The Morning Herald from Hagerstown, Maryland on January 4, 1938 · Page 12
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The Morning Herald from Hagerstown, Maryland · Page 12

Hagerstown, Maryland
Issue Date:
Tuesday, January 4, 1938
Page 12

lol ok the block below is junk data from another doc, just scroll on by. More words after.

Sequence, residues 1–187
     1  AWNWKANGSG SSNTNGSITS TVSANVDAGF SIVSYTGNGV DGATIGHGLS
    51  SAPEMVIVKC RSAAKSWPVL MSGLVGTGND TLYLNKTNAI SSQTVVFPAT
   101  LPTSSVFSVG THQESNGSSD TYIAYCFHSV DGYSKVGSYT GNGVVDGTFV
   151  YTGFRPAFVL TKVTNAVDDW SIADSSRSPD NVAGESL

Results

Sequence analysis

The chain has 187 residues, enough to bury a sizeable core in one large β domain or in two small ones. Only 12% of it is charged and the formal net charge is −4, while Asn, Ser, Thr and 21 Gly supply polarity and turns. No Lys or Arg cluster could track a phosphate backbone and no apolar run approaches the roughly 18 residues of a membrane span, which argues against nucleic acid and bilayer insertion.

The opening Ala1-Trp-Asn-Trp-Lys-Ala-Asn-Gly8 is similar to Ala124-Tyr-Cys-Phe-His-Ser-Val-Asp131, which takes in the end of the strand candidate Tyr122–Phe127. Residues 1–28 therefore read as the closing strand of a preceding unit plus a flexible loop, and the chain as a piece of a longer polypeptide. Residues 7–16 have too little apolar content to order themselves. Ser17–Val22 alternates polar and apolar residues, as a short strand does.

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ITWELVE THE MORNING HERALD, HAGERSTOWN, MARYLAND, TUESDAY, JANUARY 4, 1938. ROOSEVELT ATTACKS BUSINESS PRACTICES, DECRIES LABOR RIFT (Continued From Page 1) Tax avoidance through corporate and other methods; excessive capitalization, investment write-ups and security manipulations; price rigging and collusive bidding in defiance of the spirit of Ihe anti-trust laws by methods which "baffle prosecution under the present • statutes." Placed in the same category were "high pressure salesmanship which creates cycles of over-production within given industries and consequent recession in production until such time as the surplus is consumed;" use of patent laws to enable larger corpora- tains to maintain high prices; unfair competition to the detriment of the small producer; intimidation of local, or stale governments to prevent enactment of laws for the protection of labor "by threatening to move elsewhere, and the shifting of actual production form one locality to another in pursuit of the cheapest wage scale." "The eiimeration of these abuses," Mr. Roosevelt said, "does not mean that business as a whole is guilty o£ them. Again, it is deception that will not long deceive to tell the country that an attack on these abuses is an attack on business." Calls For "New Climate." He asked businessmen and financiers to recognize what he called a "new climate" in the nation and themselves to cure these evils. well have engendered war." While this country had striven for reduction of armaments and conciliation of internalional difl'er- ences, he said, in a world of high tension and disorder It and other peaceful nations must "be strong enough lo assuie the observance of those fundamentals of peaceful solution of conflicts which are the only ultimate basis for orderly existence." "Resolute 'n our determination to respect the rights of others, and to command respect for the rights of ourselves," he added, "we must keep ourselves strong in self-defense." The President said he was a; anxious as any industrialist, hank er, Investor, or economist to balance the budget, but tills depended on certain conditions: 1—That the government continue to help the needy jobless. 2—That Congress and the Execll- live join ill eliminalhg or curtailing federal agencies where H would not harm necessary functoniiig of government. 3—That Ihe nation's purchasing power be raised to the point where the taxes would be sufficient to meet necessary government expenditures. Mr. Roosevelt reiterated that an- BODIES OF THREE WRITERS REMOVED Solemn Funeral Services Are Held for Victims of War Japanese Soldier-Diplomacy araguifa, Spain, Juii. 3 The bodies ot throe war correspondents kfllod in Spain were fm to the French frontier tonight after solemn funeral services anil tribute from high insurgent army officers. The bodies of two Americans, Edward J. Neil of the Associated Press and J)radish Johnson, correspondent of thy magazine "Spur" and "Newsweek," were on the way to the United States. The British newspaperman, E. R. Sheepshanks of Kent era (British News Agency), will he taken to England. Generalissimo Francisco Franco was represented at funeral services by Genera 1 Jose Moscanlo, hero of the defense of the Alcazar. Military and civil officers, members of the Zarugoza Press Association and foreign news men formed a procession that threaded through streets lined wllh crowds (a the edge of the city. The three correspondents were riding in the same car last Friday, watching progress of the major insurgent attack great battle on Teriiel—where still rages—when their car was struck by a 75-milli- GOVERNMENT WINS POWER LOAN RULING (Continued from Page 1) Japanese soldiers making friends with residents meter shell. Johnson died instant-[ Sidelight on the Japanese conquest of Nanking, capital of China, is Hi "Tbe nation." he continued, "has no obligation to make America safe lor Incompetent business men or for business men who fail to note the trend of the times and con tinue the use ot machinery of econ omies and practices ot finance as outworn 1 as the cotton spindle ot 1870." Need Reconstruction. The' anti-trust laws, Mr. Roosevelt said, "require reconstruction," but he reserved detailed recommendations for a laler message. He again urged tax revision where levies were working a bard- ship oil small business, hut said federal income should be kept at its present level, abuses "must not be .restored" and "speculative income should not he favored over earned income." Asserting tbe facing the three branches ot government "faces us—as squarely, as insistently, as in March 1933" the President declared as to the business situation and recent attacks on monopolies by administration lieutenants: "The overwhelming majority of business men and bankers intend to be good citizens Only a small minority have displayed poor citizenship by engaging in practices which are dishonest, or definitely harmful to society. "This statement Is straightfor ward and true. No person in any responsible place In the govern ment of the United States toila has never taken any position con trary to it. "But, unfortunately for the country, when attention is callet to, or attack is made on specific misuses of capital, Ibere has been a deliberate purpose on the parl of the condemned minority to dif tort the criticism into an attack o all capital. That is wilful decep tion, but it does not long deceive.' The President hinted possible new proposals for revision ot bank ing practices when he sssertcd in fluences were at work to "control hanking and finance" despite fed oral efforts to "take such control out 'of the hands of a small group." "We have hut to talk with hundreds of small hankers throughout nual expenditures could not he cut much below 57,000,000,000. "without destroying the essential functions or letting people starve." Tie said that by holding "normal expenditures to about the present level and with an increase in the nation's income producing greater tax revenues it would be possible not only lo balance future budgets hut also to reduce the debt. While "definite strides" In collective bargaining had been made anil the right of labor to organize bad been recognized national Iy, he said: t "Nevertheless In Ihe evolution of the process difficult situations have arisen ill localities and among ron pa. "Unforlunirte divisions relating to jurisdiction among tho workers themselves have retarded produc- 1011 within given industries anil liive, therefore, affected related in- dustrien. "The construction of homes and other buildings has been hindered n some localities not only by unnecessarily high prices for materials hut also by cerlain hourly wage scales." ' He'said the Immediate need for tbe future was an Increase in wages of the lowest paid groups in all industry and nn annual wage for mechanics now being paid by tbe hour hut working only a few months a year. Iy. Nell and Sheepshanks died later of wounds. Harry Philby, correspondent of the Times of London, also in the car, was injured only slightly. (Today at the moment mass was being said in the Cathedral of Zaragoza, the wires of the Assort, ated Press were silent for two minutes as an expression of honor and affection for Neil.) attempt of .Japanese soldiers to make friends with Nanking resident as this soldier la doing. But dispatches told, also, of slaughter an looting immediately after the capture. . MARRIAGK LICENSES. James B.' Grossnickle, 22, Virginia P. Gordon, 22, Hagerstown. John E. Barnes, 28, Baltimore, June Fahrney, 22, Hagerstown, Thomas K. Myers 40, Catherine A. Young, 28, ITagerstown. Elwood Shank, 22, Mary V. Cordell, 22, Hagerstown David N. Hardmau, 50, Iva J. Basst, 45, Frederick. Queutin JS. Shull, 21, Rhoda Dunn, 19, Hagerstown. William W. Smith, 2:{, Jane Me- Klnsey, 18, Hagerstown. Veruon K. Schensky, 2(i, TTagen (own, Doris K. Fnlnier, 19, Philadelphia. BOY RULER DEFIED AT CHAMBER MEET Lack of Confidence Voted in New Egyptian Government DEATHS Cairo, Jan. 3 (ff) —The Chambe of Deputies tonight defied Egypt' hoy King aud in a riotous sessioi voted a lack of confidence ia th< Government be chose to snccee< tbe ousted Nationalist Premie Mustapha Nabas Pasha. The rebellious Depuiies criet Ihe United States," he said, "to realize that irrespective of local conditions, they are compelled In practice to accept the policies laid down by a small number of the larger banks In the nation. "The work undertaken by Andrew Jackson and Woodrow Wilson 1 not finished yet." Devoting the first part of hi: message to foreign affairs, tlie President said the United States "has been kept at peace d hplte provocations which in other days, because of their seriousness could H»v« your car GREASED for «"'y 50c ALCOHOL S9c "" «" H. L. MILLS M W. Baltimore St. Phone 1»4 1933 DODGE COUPE Full fil».r,l Snf,.|y SI<M>| ll,,,l.v. Air Wheel Tires Illtu IIIMV. X-lym- frnin,. Silent It.Shnrklt,,. |,;,i||ro Vnr IN ">- rfllritt cnnilhion. VITV ¥Q/)f i-lenn ^J7O FLEIGH MOTOR CO. «70 Oak Hill Ave. Phone 2300 Dentists Move to Halt Referendum Baltimore, Jan. 3, dentists today asked (/?).— Seven the Circuit Court to forbid a referendum on a bill to establish a State Board of Dentistry Examiners and to provide for licensing deufists. The Legislature enacted the measure, but a petition for a referendum automatically kept it from taking effect until after the election next fall. The dentists snid some of the names on the referendum petition were forged and ofhers were duplicated. The court gave election officials until Jan. 18 | 0 show cause why Ihey should not he forbidden lo put the referendum on Ihe ballot. The dentists appearing today asked that the bill be put into effect ;tt once. Those petitioning tlie court today included C. E. Broadnip of Frederick; T. A. Clinppelear of Hagersiown; I. 11. Stafford of Cum- Kirlnnd; and several Baltimore dentists. INSTALLATION TO BE HELD TONIGHT Elaborate Program to Be Presented at DeMolay Meeting Guy TToffmasler will be installed us master councilor of Hageralowii Chapter, Order of DeMolay at a public insinuation lo be held tonight at S o'clock in Masonic Temple. An elaborate program has been arranged lo follow the installation. Other officers to he installed are: Senior councilor, Richard Snyder; junior councilor, Harold senior deacon, Richard (tibney; Saylor; junior deacon, Albert Wine; senior steward, Frank Gabriel; junior steward, Donald Ardinger; scribe, Robert Dean; treasurer, Francis Wilson; sentinel, Richard Hartley; chaplain, Russell Long; marshal, Jack Hurray; standard hearer, Clarence Eldridge; almoner, Donald Harlsocli; and preceptors, Robert Hixson, Robert Kefauver, William Frilz, Ray Dodgers, Richard Arnilenix. ({erald Alexander and Houston Bell. W. P. Wachler will he the guest speaker wllh Miss Helen jrebb and Pete Batlrich as .soloists. LOCAL MAN PRESENTS ACT A young: local vaudeville per- 'ormer, Sam Malley, 15 North Mill- )erry street, appeared in an act presented at tbe Stale Theatre, Westminster, Aid., on New Year's eve. Mr. Valley, a ventriloquist, nade a hit with his dummy, "Charey ])URau." A capacity crowd was n attendance at the theatre. C. lussell, who was master of eere- nonies, congratulated Mr. Malley his splendid act. Accident Victim Reported Better The condition of Joseph Dano- wilz, of Ilarrislmrg, Pa., injured with two other persons when their automobile struck a. tree near flreencast.le yesterday morning, was reported as satisfactory at the Washington County Jlospital lasl night. Danowitz, connected with the Giant Food Stores, sustained a. fractured ankle, cut lip and other cuts APOLOGY iVe wish (j) lake this means lo ipologixp for tlie statement made u our advertisement which ap- reared in Friday's Herald. We iliUed we were the only Cab Com»any currying Hazard Insurance, nit were in error as ibe ill. Ver- 1011 Cab Company also carries lazard Insurance. T11K MAYF1.OWHR CAD CO. Adv. L. K. lienlz — Phono Gill. le other occupants of the car were Helen (iaronzik, cashier al the (;ianl slore and her brother Nathan (iaronzik, an extra helper at the store. The Garonziks live on South Potomac street. I Danowllz had been spending the week-end at his home at Harrisburg and was reluming hero with ibe two Caronziks when tho accident oiTiired, The cur was fondly damaged. CIRCLE ENTERTAINED Tin Can Notice Tin cans will be collected in the North End, Wednesday, January 5, and in the South End, Thursday, January 6, commencing 6:00 A. M. each day. Please have cans available on curb at the respective time and days. . Mrs. \V. N. Settle enturlitlned the .Indson Circle of Ihe First Baptist church at her 1 u . n South Mulberry street when Pollyannas were drawn for the coming year and Klfls were exchanged. l.nnelinon was served lo the following: llosdaines W. II. Ingram,; lioof, T. .1. llnili, K. (!. Stump, Marry Morgan, Carrie Ken!, (irucu Klckaril, I). .1. \Veav- ur, C. M. llawn, Tl .1. I.ucy. Walter Hoolc and W. N. Settle; the Misses Dorolby 1'illas Jeanetle Sellle. i'eggy Lacy, IMiyllls Hook and Joyce Krarikcnberry; H. L. Snllie and D. .1. Weaver. down Drahmed Maher, president o the chamber, when be attempted lo read a message from King Faroul suspending Parliament for one month. Behind barred doors Ihey voted against the Government ISO lo ]Y while Maher shouted the sea sion was Illegal. At the same lime Ihe Senate quietly voled its lack of confidence in Ihe new Government of Premier Mohamed Mahmoud S?, to 4. After the vole the Deputies trooped out of the Parliament building through hundreds of foot and mounted police to the nearby club of the Nationalist Wafdist litical party. There iN'ahas culled for Ihe Mali- mond Goveriiinenl lo resign declared the King had failed in his attempt fo suspend Parliament, as he outcry was so great the decree could not be read. The suspension was lo have cleared'tin: way lor new elections by which (he King hoped lo overthrow the Wal'disl Parlhunenlary majority. When Maher, brother of King Farouk's political adviser who was one of the causes of the ((uarrel with Nabns, attempted fo read the decree, • Nahas sprang to his feet demanding Ihe right lo speak "in thfi nnme of the fatherlntid." Maher refused him the floor and the tumult became so great Ihe president declared the session ended. Police were ordered to clear the chamber and the lights wen; exlinguisbed. Tbe press and public galleries iiuickly were evacuated but the police refused to drive out the Deputies. Many of tlie Deputies were armed with heavy slicks and they blocked the entrances to (he chamber while the skinny session went on in darkness under Vice-Presi- deul Ahdel lladi. Maher stood by his side vainly shouting the session was outlawed. Oswald Crist Oswald Crist, well known res dent of. this city died at the home of his sou, LeRoy V. Crist, COO Summit avenue, yesterday after noon at 5 o'clock of complications after an illness of h've and one-ball years, aged 70. He was born In Ziwillan, An tria and came to this country at the age of seven years. lie was naturalized in ]8!H and bad been engaged In fanning most of his ife. Surviving are: soil, Officer LeKoy Crist and grandson. The body was removed to the A. K. Coffman funeral home where services will! be held Wednesday afternoon at 2:30 o'clock with Ibe Rev. Seolt, R. Wagner ofliciaticig. Interment in cemelery adjoining Kelff's Mennuiiite Church. Mrs. Florence Willingham Mrs. Florence Elizabeth Willing- im, wife of John K WilliiiEham, died Monday evening at S:-t5 o'clock at her home, 1G South -Mlll- ;rry street, aged 65 years. She was a member of the Episcopal Church at Duth'eld, W. Va. Surviving are: Husband, son. John F. Willingham, this city; laughter, Miss Jlary K. Willing- am, at home, and two graildchil- Ireli. Funeral announcements laler. John E. Burger John K Burger died suddenly Monday evening at 5:30 o'clock t the home of his sister, Mrs. Villiam A. Burger. 37 Madison .venue, aged IS years. Jle was a World War veteran lid a member of the First Baptist Jhnrch and Men's Bible class. Surviving are: Bister, Jlrs. Wilam A. Burger, and brother, llor- is Km-gRr, this city. Funeral announcements later. buna! seul the case back lo the lower court to determine whether Ihe rates were confiscatory. I« Ibis case the government had asked the justices to reverse previous lucisions and held that utilities should he valued for rate-making purposes on the basis of "prudent investment," without consideration lo reproduction costs. 2. Returned to Ihe Southern Indiana. Federal district court for further consideration a case involving Indianapolis waler rates fixed by the slate Public Service Commission. Justice Black dissented. 3. Agreed to pass upon a challenge lo Ihe constitutionality of the public utility holding company act of 1935. The litigation was filed by Ihe lOleclric Bond and Share company and SB subsidiaries, and the government had joined in urg- • ins an early bearing. Senator Norris (Ind-.N'eb). eian advocate of public powe viewed the Alabama and Dnk Power Company cases as a "t ahead signal" for further puhl power development. Wendell L. Wlllkie, president ( Commonwealth and SonShern Co poralion, commented that the. rll ing was "extremely uutortunal from the viewpoint of Ihe ntilitie but the Supreme Court has spoke and it lias the last word.' The Alabama Power Company a subsidiary of Villkle's Companj In returning I lie California case the court delayty' jjulplinltely a. fina determination on the "prudent in vestment" valuation theory advo :ated by President Roosevelt in ro cent discussions with private powe company executives. WHEEL CHAIR IS NEED OF WELFARE The Welfare Board has issue a.n appeal for a wheel chair whlcl needed by an aged woman ivh s unable to wa!k. Anyone having chair is asked to com mini icate vith the Welfare office, phone 2370 PHOEBUS ANSWERS KIMBLE'S CHARGES CHECKER STAR MAY APPEAR AT THE "Y" Arrangements are, being made by Secretary Raymond A. Srmhr of the local Y. M. C. A. whereby it is hoped to bare tho famous checker ace, William F. Ryan, New York City, to appear here on Friday evening, Jan. 21, at tbe Y. M. C. A. for demons!ralions and to eel all comers. Ryan is editor of Ibe checker magazine, "Cbeckergram." He is national match, exhibition and tourney player and a blindfold star. He was New York Masters champion in 11)33 and has been champion of Florida for five year's, lie will .soon shirt a tour of the Month, including Florida, IllMl SQUARE DANCE Men's Hull, Kunkslown, nlglH, Music by Dlxlo Itnmb.; 25c. A LINK WITH FAME Denver, Jan. X, (7P). — Arthur V. Fant, u draftsman, nUnrned home from Ibe Cotton Howl gnme nf Dallas to Imirii lie was tlie father of the (Irsi baby born In Denver in in:tS. He named the boy Hyron Ar- tbur l-'unt, aftft]' Colorado's All- America grid -siar, Hyron I Will/.- y.c.r] White. CLIPPER ARRIVES Honolulu, Jim, H, (/H).-—The Su- moan clipper arrived here today «t l.'IB p. m. (ti:-l. r i p, in. 10ST) from Klugmiui Kerf, completing u round(rip lllKht of X.JUM ( iniloB- which hniiiRiintliMl a commercial it Irl(tic link-In K UK; United Sfute* and AiiRtrnllanln, Thn Inal nln^o of the long; fllRhl, I,ORB miles, was negotiated in 7 hours, 14 mliMilcs. Miss Mary Brown Miss Mary Amanda Brown died at Ihe borne of her brother, John \V. Hrown, near Foxvitle, Sunday night at ll::;u o'clock. She was nged 76 years. Surviving are brothers, John W. and Walter A., Foxville section, and C'ym.s K. lirowii Point of Jtock.s, sister, Mrs. Hirrtie K Toms, Casern)P. The' body was removed to Ihe Oourad Kuneral Home in SmiLhsburg where friends may call until 12 noon Wednesday. Funeral services at the Methodist Episcopal Church, Smithsbnrg. Wednesday afternoon at 2 o'clock with Rov. Irvin R. fitcttlemyer, assisted by Rev. W. De\vi(t. Dickey officiating. Burial will be made in the Smithsburg cemetery. REGINALD KEYS Reginald Keys, ,'!7. died at the Washington County llospiial Saturday night after a brief illness. He was employed for a number or years at the Alexander Hole!. Surviving are his wife, "Cecilia, two daughters, Dolores and Cora; I wo sons, Reginald, Jr., and William, and the following sister.s and brothers: Mrs. Annie Paynter, Mrs. Vivian (iiiiues, Mrs. Madge Kent and Miss Mary and William Frank, Vincent, Wall or, Victor and Rudolph, all of this city. Funeral services from the family homo at 20'I Norlh Jonlban street Wednesday afternoon at U o'clock with Rev. A. U Criglar omciating. Hurial will be made in Xlon Union Cemetery, Mcr- (Continued from Page 1) vimbltj's charges. Ttieae were, he aid, that: Phoebus has been guilty of itiglett ot duty and malfeasance in tUee; has appointed and a boiler inspector unqualified for he job; has ignored the law in ailing to appoint » i industrial in- pector in Western Maryland; has ailed to keep appoint men ts with epreseufatives of lab'or and indu ry; certain employes in tbe Com- it.ssioiier's office have been en- aged on Senator 7 J hot;hiis' private ffuira; Phoebus "on divurs occa- ons" has used ufale funds for rivate purposes, such as tele- hone calls; the Commissioner re- uired employes of his office lo ivestigate a private business Involved in a strike in which Phoebus later invested money. Denial Is Entered Commissioner Phoebus entered a denial to each charge. "There is only one complete mid stillicimit way to answer the charges leveled at me by a colleague in the Slate Senate," he said. "That is to afr them so that the public may he assured * * * that (here is absolutely no ground for them. I have nothing to hide. * * * "I will ask Governor Nice to i hold a public hearing; at which | both Senator Kimble and I will be permitted to produce wi I nesses * * *." .Replying to each charge, Phoebus said: The boiler served only waj's with man; That Phoebus had often worked hS or 30 hours a day, and had nev- £r bad state employes do personal work for him except, in the purchase of Christmas presents for his daughter; That ho had appointed a Western Maryland industrial inspector within six weeks after a merit system list was submitted to him; That he had neve handled state funds and had paid for all personal phone calls; That, inspectors had not nmde personal a investigation for Phoebus, though he said he had invested in a small company, permitting almost -10 pel-sons to return lo work', and that this money was Miig returned to him. That he bad collected less than l) expense money since June S; That he bad paid his own expenses at, the scenes of strikes and had paid his own expenses when railed to Washington for a three- day conference ot' labor commis- wmucrft. What Roosevelt Proposed Washington, Jan. 3 (^)—Hera are tome of the objective which President Roosevelt outlined In his annual message to Cohgresa today: A strong national defense. Limitation of the new farm program's cost to the amount of current Federal outlays for agriculture. Legislation to end "starvation wages and intolerable hours." Reduction of the annual Federal deficit in the fiscal year beginning next July 1. {The goal of a balanced budget in that period was abandoned, however.) Continuation of work relief, instead of a dole, for the able- bodied unemployed. Revision of taxes which have been proved to work definite hardship, especially on small business men, but continuation of provisions against tax "abuses." Measures to end the "misuse of the powers of capital or selfish suspension of the employment of capital." The President criticized these practices: 1. Tax avoidance through corporate and other methods. 2. Excessive capitalization, investment write-ups and security manipulations. 3. Price-rigging and collusive bldidng. 4. "High pressure" salesmanship. 5. The use of patent laws "to enable larger corporations to maintain high prices and withhold from the public the advantages of the progress of science." 6. "Unfair" competition. 7. "Intimidation" of local or state government to "prevent the enactment of laws for the protection of labor by threatening to move elsewhere." 8. The shifting of production from one locality or region to another "in pursuit of the cheapest wage scale/' ROB T S. BYFIELD WILL 5PEAK HERE President of Foreign Bond Associates to Address Rotary A talk of unusual and timely hi terest is in store for Rotarians and their guests at the weekly hmcheon on Wednesday. The speaker is to be Mr. Robert S. Byfield, president of the Foreign Bond Associates of New York City. Mr. Bylield's talk will pertain to Jie effect of the foreign situation on the present decline of American justness. His wide and varied experience in the foreign field inaliffea him to speak with au- .liority on his subject. In addition to the presidency, of .he Foreign Bond Associates, Mr. Byfield is a member of the firm of Cay, Byfield and Company, member firm of the New York Stock Exchange. He has also served on leveral foreign bondholders' pro- ective commitlees. I-Tis background of experience ias been gained in dealings with Ouropean and Latin American ountries. Mr. Bylield's first•contacts were nade in food relief work in 1919 vith the American Relief Admin- stration. He served in Czecho- lovakia, Poland, Hungary and uistria. He was also a member 'f the Tuter-Allied Commission to ffect an Armistice between Ixechoslovakia and the "Ilungar- \n Soviet government. Heated Election Held by Firemen Friendly rivalry and heavy bulling marked the annual election C the Funks!own Fire Company ist night. A total of 109 votes •ere cast. Those elected were: President, . Glenn Williams; first vice-presi- CONGRESSMEN GIVE VIEW5 ON MESSAGE (Continued from Page 1J —"1 find no inkling In the message that the executive understands or is willing to admit what is happening to our economic li(«." Representative Mary North. (D., N. -T.)—"I don't think any member o£ Congress who heard the President will have any doubt that he wants to help the under-privileged through legislation," Representative Martin (R., Mass.)—"It's reassuring that the country ia not going to be let down, further. Eleven million people out o£ work after five years is enough." Chairman Pittmau (D,, Ner.) of the Senate foreign relations com- nittee—"It very iirmly and accurately analyzed * * * the need for this government to prepare to defend itself in any emergency." Representative Bacon (R., N. Y.) —"He was trying lo find an alibi for the Roosevelt depression. I find myself in agreement with his remark ou the foreign situation." Senator Norris (Ind., Neb.)—"Jt was a very good address." Senator Shipstead /F. Iv., Minn.) - "The aim is all right, if we can actually work out these objectives." Senator Glass (D., Va.)—"A very agreeable and engaging sort of message from his viewpoint," Representative Fish (R., N. V.) —"A long, drawn-out agony of alibis and avoidances without any definite program of recovery." Senator Guffey CD., Pa.)—"A masterful and straight forward statement with which 9S per cent of Ihe people of the country will agree. The President ia still thn Kreat leader." Representative Hoffman (R., Mich.)—"He talks against controlling other people's money am] inspector objected to temporarily and ala more experienced ent, Richard Melxer; second vice- olher people's lives yot he is do- resident, Joseph Troxell; secre-[ j nff that, himself." ny, Karl Sayles; trensnrer, John j Senator Wlioolpr <D., Monl.V— . Ifollyday; standing committee. ; "An excellent political speech." Senator McArlno (D., Calif.)— "The President's message * * * should reassure those who feel nervous about the fittum of business in the country." Senator Davis fR., Pa.)—"The President's message musl. have been written after he got thp, universally unfavorable reaction to crald H. Bowers, J. K. R. Black, aymond C. Oi tuple, Lewis Tal- ert and Joseph Troxell; fire chief, ohn K. Williams; assistant lire lief and chief pipemnn, At lee Rrshmai) ; assislant pipemen, arold Bailey. Gerald Bowers, eon Carr. (Jail I son) i user, Richard jMelzer, Karl Sayles and Paul Troxell; soeiaiio Tli ter. Robert Talberf. There were a total of 41 j names on the ballot. delegate In county as- vicious attacks o i on, Charles Du'ffey. [Jackson and Ickea." jndgRs were: Guy Jloffmas- j - - - - -^_ __Iseminger and John j business by JURIST REFERS TO DEATHS ON HIGHWAY Cumberland, Md., Jan. Circuit Court Judgo D. Lindley Slojin Lold the Allogauy county grand jury today 38 persons wore killed last year by automobiles in the county ''but there is nothing yon can do about it, nor have yon any power to correct it." lie said additional policemen were Ihe only solution to the problem, and that more members of 75c Popular 4 course DINNERS SRI-VIM! from S:.10 fn fl P. M. Six-rial nllciillKn lit private imrtle*. HOTEL HAMILTON Defrosters 75c up Reichard's Garage 24 W. Antietam St. the slate force should he stationed here. • REMOVAL SALE Reductions 20% to 50% ON ENTIRE STOCK W« arc moving our store to 25 South Potomac Street NEXT DOOR TO MARYLAND THEATRE N.EEDY'S JEWELRY STORE «6 W. WASHINGTON ST. (Hamilton Watches Excepted) C. D. OF A. CARD PARTY Tues., Jan. •), S p. m. at Western Knl. Hall. Rridjtc 6. SOO. Adm. 2nc. Adv. SAVE AT SAUM'S on WnfrhfN — IHninom]* nml FRED"R?SAUM Credit Jeweler 21 N. .Innnlhnn St. P H 0 N E 1 0 6 4 Announcing The partnership of RUDY & SPONG, Printers Now open for business at 24V., E. FRANKLIN ST. HAGERSTOWN, MD. KnciiKinc In a general priming business "Quality Printing at Lowest Cost" JACOB RUDY WJLLIS SPONO